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Argentina’s vice president Cristina Fernandez found guilty of fraud

Cristina Fernandez (Rodrigo Abd/AP)
Cristina Fernandez (Rodrigo Abd/AP)

Argentina’s vice president Cristina Fernandez was convicted and sentenced on Tuesday to six years in prison and a lifetime ban from holding public office for a fraud scheme that embezzled one billion US dollars through public works projects during her presidency.

A three-judge panel found the Peronist leader guilty of fraud, but rejected a charge of running a criminal organisation, for which the sentence could have been 12 years in prison.

It is the first time an Argentine vice president has been convicted of a crime while in office.

The sentence is not firm until appeals are decided, a process that could take years. She will remain immune from arrest meanwhile.

Speaking after the verdict, she described herself as the victim of a “judicial mafia”.

Argentina Cristina Fernandez Corruption
Supporters of Cristina Fernandez gather outside the court in Buenos Aires (Rodrigo Abd/AP)

Her supporters vowed to paralyse the country with a nationwide strike. They clogged central Buenos Aires and marched on the federal court building, beating drums and shouting as they pressed against police barriers.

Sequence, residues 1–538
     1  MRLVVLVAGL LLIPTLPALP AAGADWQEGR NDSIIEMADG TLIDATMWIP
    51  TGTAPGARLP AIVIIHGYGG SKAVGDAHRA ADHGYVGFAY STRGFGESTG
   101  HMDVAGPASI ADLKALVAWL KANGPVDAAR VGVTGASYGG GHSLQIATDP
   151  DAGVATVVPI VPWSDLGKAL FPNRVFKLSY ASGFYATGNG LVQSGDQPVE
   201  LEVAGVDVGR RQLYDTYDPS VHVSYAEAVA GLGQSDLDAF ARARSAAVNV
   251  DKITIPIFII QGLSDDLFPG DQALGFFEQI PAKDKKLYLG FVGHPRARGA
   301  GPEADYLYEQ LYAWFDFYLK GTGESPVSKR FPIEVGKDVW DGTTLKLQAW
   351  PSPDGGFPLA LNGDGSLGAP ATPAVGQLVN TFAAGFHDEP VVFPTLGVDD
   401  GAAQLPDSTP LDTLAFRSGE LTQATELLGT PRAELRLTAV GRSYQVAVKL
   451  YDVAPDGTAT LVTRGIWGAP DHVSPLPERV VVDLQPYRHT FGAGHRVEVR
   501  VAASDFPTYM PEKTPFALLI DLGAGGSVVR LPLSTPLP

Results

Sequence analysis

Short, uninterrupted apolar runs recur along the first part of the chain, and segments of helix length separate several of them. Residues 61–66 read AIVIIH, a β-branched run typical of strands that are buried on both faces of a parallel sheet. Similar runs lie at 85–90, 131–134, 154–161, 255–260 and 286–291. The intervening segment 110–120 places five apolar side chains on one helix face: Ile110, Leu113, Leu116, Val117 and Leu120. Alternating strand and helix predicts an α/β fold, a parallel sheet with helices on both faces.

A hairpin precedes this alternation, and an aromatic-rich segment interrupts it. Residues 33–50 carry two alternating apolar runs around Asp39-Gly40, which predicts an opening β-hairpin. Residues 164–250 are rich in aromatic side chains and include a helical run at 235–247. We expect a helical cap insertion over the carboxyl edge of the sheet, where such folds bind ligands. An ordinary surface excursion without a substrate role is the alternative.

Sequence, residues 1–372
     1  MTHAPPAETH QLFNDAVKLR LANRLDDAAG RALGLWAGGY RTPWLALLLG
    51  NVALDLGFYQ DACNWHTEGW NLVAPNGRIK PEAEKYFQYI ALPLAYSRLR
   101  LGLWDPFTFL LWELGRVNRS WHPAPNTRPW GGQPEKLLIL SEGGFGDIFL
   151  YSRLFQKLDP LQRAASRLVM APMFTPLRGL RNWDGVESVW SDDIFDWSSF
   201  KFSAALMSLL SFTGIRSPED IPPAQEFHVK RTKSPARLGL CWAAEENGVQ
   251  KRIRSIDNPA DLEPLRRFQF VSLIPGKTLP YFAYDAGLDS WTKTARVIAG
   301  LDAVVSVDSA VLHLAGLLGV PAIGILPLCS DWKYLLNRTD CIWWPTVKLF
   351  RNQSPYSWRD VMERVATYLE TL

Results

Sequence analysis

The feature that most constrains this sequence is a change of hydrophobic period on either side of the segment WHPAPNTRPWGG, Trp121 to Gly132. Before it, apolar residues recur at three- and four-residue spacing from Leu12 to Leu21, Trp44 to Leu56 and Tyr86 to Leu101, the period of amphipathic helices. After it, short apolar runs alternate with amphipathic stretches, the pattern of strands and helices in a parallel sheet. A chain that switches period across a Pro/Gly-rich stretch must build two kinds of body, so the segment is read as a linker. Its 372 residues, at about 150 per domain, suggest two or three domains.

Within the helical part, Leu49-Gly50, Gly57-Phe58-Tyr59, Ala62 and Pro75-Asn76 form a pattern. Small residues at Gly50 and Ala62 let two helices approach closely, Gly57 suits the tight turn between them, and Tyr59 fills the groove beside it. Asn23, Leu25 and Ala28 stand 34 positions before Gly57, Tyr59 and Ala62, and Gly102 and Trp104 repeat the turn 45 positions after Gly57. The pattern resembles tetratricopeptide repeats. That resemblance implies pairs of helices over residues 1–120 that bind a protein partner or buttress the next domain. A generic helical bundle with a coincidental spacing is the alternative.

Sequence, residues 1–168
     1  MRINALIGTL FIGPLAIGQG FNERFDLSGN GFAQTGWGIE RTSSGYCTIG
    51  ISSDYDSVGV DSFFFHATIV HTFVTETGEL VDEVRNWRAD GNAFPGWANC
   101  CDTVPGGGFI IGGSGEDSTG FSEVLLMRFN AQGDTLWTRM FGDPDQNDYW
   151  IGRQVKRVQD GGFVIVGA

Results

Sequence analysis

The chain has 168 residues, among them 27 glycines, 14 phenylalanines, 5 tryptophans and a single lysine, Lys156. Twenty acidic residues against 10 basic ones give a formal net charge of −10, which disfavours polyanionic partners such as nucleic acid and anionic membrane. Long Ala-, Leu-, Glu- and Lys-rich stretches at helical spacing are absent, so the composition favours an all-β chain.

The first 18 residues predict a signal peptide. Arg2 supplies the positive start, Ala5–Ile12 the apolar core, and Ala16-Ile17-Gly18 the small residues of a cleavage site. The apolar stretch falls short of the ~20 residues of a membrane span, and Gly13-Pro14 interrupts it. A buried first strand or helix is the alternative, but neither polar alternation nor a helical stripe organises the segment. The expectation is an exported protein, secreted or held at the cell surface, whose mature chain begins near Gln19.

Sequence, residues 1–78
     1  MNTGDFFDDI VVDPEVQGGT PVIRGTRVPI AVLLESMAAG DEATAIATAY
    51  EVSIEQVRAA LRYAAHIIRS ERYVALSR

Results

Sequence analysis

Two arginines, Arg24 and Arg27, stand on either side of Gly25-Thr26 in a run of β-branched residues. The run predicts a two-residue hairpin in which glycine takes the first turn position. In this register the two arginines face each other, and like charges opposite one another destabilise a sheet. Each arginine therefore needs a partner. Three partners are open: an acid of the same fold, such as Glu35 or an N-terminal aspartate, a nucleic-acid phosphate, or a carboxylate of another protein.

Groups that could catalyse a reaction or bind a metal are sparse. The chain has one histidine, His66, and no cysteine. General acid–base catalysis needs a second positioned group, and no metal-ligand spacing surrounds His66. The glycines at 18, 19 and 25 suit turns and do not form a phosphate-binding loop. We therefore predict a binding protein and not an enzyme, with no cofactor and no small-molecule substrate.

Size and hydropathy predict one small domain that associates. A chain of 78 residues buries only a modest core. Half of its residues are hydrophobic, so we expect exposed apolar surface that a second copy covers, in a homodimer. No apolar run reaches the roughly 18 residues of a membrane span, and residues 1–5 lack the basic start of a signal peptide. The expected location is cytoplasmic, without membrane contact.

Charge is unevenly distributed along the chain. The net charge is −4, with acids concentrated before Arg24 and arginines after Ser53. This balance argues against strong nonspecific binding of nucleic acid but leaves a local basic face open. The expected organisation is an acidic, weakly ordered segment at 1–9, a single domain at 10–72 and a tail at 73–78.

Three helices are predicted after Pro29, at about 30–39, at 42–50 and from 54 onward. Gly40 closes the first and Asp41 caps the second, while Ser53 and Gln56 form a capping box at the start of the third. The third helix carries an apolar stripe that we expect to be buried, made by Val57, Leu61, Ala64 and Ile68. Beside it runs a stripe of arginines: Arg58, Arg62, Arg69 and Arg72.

Fernandez roundly denied all the accusations. Argentina’s dominant leader this century, she was accused of improperly granting public works contracts to a construction magnate closely tied to her family.

Prosecutors said Fernandez fraudulently directed 51 public works projects to Lazaro Baez, a construction magnate and early ally of her and her husband Nestor Kirchner, who served as president from 2003-2007 and died suddenly in 2010.

Baez and members of Fernandez’s 2007-2015 presidential administration were among a dozen others accused in the conspiracy. The panel sentenced Baez and the former president’s public works secretary, Jose Lopez, to six years. Most of the others got lesser sentences.

Prosecutors Diego Luciani and Sergio Mola said the Baez company was created to embezzle revenues through improperly bid projects that suffered from cost overruns and in many cases were never completed. The company disappeared after the Kirchners’ 12 years in power, they said.

In Argentina, judges in such cases customarily pronounce verdicts and sentences first and explain how they reached their decision later. The panel’s full decision is expected in February. After that, the verdict can be appealed up to the Supreme Court, a process that could take years.